Is your project team made up of puppets or pioneers?

Must read

IT Project Teams are STILL driving competitive advantage

IT Projects are perfectly placed to shape the future of business as we emerge from this pandemic Businesses need to be leaner and more innovative. It’s time for IT Project teams to say, “Hold our coffee, watch us do our thing” – this is our moment.

Embrace the change: Getting to grips with new IT systems

New IT systems for a growing business can be an exciting prospect and deliver many benefits, but how do you convince employees to embrace...

5 Skills Needed To Drive Future Projects

Why do projects fail? It's a question that invites a lot of interest and significant statistics. And there are no wrong answers here. Skills shortages...

Does a Project Manager Need PM Qualifications?

What makes a successful project manager is a combination of their academic abilities, experience and skills, both "soft" and "hard" skills i.e. communication skills...
David Cotgreave
If you like David's blogs - he is now a published author - Straight Talk on Project Management (VOLUME III)- Free eBook. Why not download your copy today. David Cotgreave MBA, BSc (hons), PRINCE II, is Professional Services Director at Stoneseed, with over 20 years’ experience in IT Consulting. David has worked with organisations such as BT Engage IT and KPMG, before founding Stoneseed in 2009 and has gained considerable business experience whilst working with a wide range of organisations across the UK and Europe carrying out a range of strategy, review and implementation projects. David is currently responsible for leading the Programme and Project Management services offered by Stoneseed. Project Management as a Service (PMaaS) from Stoneseed offers clients access to Project Management staff, resources and tools at a flexible and predictable cost via a fully Structured Managed Service.

Man looking at landscapeI recently had the pleasure of working with two IT Project Teams who are paradoxically both very similar and very different.

The first, I’ll call them ‘Team X’ was struggling to deliver projects within agreed parameters and the second, ‘Team Y’ was hitting targets but was asking ‘what else can we do to add extra business value’.

Both ‘Team X’ and ‘Team Y’ are made up of perfectly capable Project Managers with a proven track record of success, between them they have roughly similar on-the-job experience and qualifications. On paper, they should be getting the same results.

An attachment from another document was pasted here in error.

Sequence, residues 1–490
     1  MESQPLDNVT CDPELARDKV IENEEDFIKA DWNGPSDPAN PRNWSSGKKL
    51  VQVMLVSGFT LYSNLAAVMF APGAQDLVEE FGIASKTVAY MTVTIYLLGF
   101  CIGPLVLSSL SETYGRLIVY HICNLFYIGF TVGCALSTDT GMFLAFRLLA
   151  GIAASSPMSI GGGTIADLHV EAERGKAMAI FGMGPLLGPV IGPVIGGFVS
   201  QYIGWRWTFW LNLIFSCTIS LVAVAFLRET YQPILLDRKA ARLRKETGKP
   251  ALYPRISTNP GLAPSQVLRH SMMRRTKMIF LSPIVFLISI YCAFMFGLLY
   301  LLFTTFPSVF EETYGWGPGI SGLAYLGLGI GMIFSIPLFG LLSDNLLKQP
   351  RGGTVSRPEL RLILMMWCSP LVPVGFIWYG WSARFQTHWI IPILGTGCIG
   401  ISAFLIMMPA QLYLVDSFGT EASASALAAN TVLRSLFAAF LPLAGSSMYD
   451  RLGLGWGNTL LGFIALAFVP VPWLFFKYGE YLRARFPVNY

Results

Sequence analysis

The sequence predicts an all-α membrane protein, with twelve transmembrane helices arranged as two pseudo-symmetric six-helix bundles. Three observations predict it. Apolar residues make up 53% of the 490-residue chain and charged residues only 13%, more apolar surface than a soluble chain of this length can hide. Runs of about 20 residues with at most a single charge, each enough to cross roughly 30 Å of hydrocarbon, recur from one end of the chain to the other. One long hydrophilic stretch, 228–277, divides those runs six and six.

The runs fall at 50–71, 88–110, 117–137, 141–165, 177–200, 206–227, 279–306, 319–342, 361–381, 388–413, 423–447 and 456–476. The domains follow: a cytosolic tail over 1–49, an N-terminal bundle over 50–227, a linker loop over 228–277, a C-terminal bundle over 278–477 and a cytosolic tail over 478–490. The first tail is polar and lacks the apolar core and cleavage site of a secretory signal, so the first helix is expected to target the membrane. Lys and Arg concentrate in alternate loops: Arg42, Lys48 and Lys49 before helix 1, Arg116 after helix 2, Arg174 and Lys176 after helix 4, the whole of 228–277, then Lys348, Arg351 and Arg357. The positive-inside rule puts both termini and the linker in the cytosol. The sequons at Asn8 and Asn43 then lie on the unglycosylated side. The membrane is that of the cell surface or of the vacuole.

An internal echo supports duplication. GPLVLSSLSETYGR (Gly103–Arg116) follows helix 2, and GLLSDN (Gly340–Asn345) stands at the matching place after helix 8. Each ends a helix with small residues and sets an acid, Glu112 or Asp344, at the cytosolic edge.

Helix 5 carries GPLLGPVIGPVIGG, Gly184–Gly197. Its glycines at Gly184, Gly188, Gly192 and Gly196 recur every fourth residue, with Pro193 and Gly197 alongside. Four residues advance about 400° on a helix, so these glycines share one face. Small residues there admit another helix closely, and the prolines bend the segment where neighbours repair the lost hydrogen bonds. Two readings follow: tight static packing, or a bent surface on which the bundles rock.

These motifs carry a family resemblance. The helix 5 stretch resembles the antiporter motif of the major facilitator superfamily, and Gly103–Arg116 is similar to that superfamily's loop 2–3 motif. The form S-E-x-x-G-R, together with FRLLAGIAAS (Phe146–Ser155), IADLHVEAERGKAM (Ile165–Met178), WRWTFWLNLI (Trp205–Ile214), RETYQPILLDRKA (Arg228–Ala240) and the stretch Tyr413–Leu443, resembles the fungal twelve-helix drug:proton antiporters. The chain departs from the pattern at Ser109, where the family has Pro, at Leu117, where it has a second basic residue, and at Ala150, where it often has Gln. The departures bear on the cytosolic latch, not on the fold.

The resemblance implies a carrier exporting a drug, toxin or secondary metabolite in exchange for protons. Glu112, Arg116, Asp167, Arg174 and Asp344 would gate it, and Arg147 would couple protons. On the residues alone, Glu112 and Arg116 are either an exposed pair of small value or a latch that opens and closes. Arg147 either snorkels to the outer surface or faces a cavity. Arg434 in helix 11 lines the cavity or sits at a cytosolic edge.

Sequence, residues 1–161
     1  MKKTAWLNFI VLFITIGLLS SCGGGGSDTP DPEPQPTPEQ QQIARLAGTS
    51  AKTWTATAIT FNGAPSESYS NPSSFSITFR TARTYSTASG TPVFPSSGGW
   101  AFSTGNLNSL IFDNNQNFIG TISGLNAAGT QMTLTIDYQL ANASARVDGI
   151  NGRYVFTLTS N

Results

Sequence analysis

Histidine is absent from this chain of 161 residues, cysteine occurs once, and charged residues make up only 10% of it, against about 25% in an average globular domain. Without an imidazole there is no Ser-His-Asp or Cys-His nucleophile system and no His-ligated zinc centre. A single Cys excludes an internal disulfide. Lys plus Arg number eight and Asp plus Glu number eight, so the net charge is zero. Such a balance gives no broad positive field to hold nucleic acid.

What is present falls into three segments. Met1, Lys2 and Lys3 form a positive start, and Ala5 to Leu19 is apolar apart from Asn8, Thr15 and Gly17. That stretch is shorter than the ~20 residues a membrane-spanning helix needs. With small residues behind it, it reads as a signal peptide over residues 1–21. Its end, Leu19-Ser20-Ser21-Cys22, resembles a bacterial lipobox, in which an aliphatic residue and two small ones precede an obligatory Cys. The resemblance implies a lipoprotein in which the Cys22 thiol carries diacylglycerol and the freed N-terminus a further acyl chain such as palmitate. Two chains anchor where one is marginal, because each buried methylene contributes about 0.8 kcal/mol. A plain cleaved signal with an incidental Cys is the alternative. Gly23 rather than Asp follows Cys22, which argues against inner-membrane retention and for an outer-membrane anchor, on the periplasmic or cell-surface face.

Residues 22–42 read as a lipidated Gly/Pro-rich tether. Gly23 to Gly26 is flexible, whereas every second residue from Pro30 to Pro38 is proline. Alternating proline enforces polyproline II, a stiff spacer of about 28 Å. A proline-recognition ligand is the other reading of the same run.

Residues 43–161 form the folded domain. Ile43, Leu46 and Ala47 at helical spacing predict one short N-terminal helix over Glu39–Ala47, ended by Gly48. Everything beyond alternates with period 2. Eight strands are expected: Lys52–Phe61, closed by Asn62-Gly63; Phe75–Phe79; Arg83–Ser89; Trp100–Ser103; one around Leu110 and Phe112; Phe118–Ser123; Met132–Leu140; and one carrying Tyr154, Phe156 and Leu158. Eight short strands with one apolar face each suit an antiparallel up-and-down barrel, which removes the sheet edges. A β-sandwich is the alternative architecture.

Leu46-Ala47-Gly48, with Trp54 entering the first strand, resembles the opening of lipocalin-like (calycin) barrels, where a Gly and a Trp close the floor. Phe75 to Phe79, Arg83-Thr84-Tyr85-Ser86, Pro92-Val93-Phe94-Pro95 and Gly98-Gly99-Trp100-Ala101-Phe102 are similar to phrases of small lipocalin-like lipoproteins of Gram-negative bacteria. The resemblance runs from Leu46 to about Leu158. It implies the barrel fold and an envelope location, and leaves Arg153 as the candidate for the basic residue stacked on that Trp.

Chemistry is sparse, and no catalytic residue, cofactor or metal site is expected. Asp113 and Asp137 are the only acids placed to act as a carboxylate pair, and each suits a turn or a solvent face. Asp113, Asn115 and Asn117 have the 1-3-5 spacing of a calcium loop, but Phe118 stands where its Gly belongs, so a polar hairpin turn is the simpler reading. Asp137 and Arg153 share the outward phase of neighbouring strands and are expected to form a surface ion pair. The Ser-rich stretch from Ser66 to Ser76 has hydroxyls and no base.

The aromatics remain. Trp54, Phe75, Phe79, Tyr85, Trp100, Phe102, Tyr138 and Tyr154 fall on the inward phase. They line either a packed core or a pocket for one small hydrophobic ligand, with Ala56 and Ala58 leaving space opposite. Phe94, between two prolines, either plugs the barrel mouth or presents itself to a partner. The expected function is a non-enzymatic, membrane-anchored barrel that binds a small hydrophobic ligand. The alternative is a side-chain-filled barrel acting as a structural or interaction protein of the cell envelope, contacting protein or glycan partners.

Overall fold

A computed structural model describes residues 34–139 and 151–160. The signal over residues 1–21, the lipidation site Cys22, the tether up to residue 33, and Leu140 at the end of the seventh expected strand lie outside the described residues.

HOWEVER, ‘Team X’ is failing and ‘Team Y’ is scoring wins but is hungry to be even better and the key distinction between the two is how project tasks are delegated and how they are led.

Team X are Puppets.

Team Y are Pioneers.

I’m not being disrespectful to Team X. We have had a laugh about this, but a culture has developed within the organisation where the leaders of projects have become puppet masters. When they delegate they do so very specifically – actually defining how tasks should be performed – you can almost see the strings that are working team members! Now, it’s important that project teams can draw upon Project Managers’ often superior experience, it’s good to know where the pitfalls are but it has created a rather stilted environment that does not inspire creativity.

In ‘Team Y’ delegation is focussed on results, not methods. In Team Y you get to choose your method but you are given the responsibility of delivering agreed results. This means that you get the glory of a win but the buck stops with you when things go wrong.

When you meet Team Y, you’re struck by a spirit of potency and potential, gumption and get-up-and-go are in abundance, there is an actual tangible energy about them and everything that they do. There is a dynamic about Team Y that is infectious – a belief that anything is possible and that ‘we’ can always do better. A sign on the wall sums up their spirit – it says “Stand In Your Own Two Shoes”.

Encouraging members of your Project Management team to stand in their ‘own two shoes’ may be one of the most effective things that you ever do. Tasks in ‘Team X’ are so specifically delegated and supervision is so intense that you wonder why the Project leads don’t just do the jobs themselves.

When you pass the choice of ‘how to get there’ over to the person actually at the wheel, I believe, you increase your potential exponentially. Trust is a very powerful motivator – it encourages everyone involved to bring their ‘A game’.